A highlight of the screen is relatively smooth motion from video with the quoted 5ms response time actually seeming to have some weight behind it, unlike so many of its competitors. However, just as with the images, the black levels are not exactly awe inspiring.
In gaming this is less important, which means that this actually makes for quite a decent gaming display, with the smooth motion making this pleasant to play on. Again though, there’s no real boldness to the image and a larger screen would be preferable.
The image quality then is a little like the design, quite adequate but not awe inspiring. For general office use, be it office documents, online videos and presentations, this screen will do a decent job, without setting hearts a flutter. However, its uneven viewing angles and its limited features even when sitting in front of it, mean it won’t be winning any awards. In a sense NEC is a victim of its own success here, as we know first hand that it can make some really great screens.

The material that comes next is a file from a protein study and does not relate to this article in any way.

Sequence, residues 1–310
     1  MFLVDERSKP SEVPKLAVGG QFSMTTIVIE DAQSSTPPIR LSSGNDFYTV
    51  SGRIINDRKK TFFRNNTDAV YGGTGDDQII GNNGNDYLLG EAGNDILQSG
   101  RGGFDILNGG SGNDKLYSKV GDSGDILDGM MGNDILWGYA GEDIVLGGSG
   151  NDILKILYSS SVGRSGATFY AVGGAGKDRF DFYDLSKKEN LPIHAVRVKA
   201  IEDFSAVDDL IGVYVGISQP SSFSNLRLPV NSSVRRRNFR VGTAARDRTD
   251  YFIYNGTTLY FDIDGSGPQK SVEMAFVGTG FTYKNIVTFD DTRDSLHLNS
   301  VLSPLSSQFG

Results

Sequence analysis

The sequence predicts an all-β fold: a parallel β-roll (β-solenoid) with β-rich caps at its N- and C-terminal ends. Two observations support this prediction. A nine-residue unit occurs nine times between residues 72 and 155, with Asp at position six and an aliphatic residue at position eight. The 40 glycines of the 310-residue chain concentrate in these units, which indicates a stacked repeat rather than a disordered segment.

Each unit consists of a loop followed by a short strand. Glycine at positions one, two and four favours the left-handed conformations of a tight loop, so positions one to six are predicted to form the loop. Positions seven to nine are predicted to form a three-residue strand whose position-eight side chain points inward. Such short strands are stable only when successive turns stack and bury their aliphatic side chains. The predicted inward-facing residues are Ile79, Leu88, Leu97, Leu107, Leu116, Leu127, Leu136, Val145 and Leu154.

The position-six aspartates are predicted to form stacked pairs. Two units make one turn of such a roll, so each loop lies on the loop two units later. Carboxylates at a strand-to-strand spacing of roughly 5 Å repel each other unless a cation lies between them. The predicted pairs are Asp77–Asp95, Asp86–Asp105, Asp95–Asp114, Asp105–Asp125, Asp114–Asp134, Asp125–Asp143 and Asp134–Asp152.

However, what really put the nail in the LCD205WXM’s coffin is that it’s actually more expensive than NEC’s 22in LCD225WXM. Unless your company insists on standardising on 20in screens or you have a specific size requirement, there’s really no reason to buy this 20in screen at all.
A very average screen in terms of design and image quality, the NEC Multisync LCD205WXM is actually more expensive than NEC’s own 22in version and much more so than the rest of the competition. Thus, if you want to standardise on 20in screens in an office environment then it will do the job, but otherwise it’s a disappointment for the price.
Score in detail
Image Quality 6
Unlike other sites, we thoroughly test every product we review. We use industry standard tests in order to compare features properly. We’ll always tell you what we find. We never, ever accept money to review a product. Tell us what you think - send your emails to the Editor.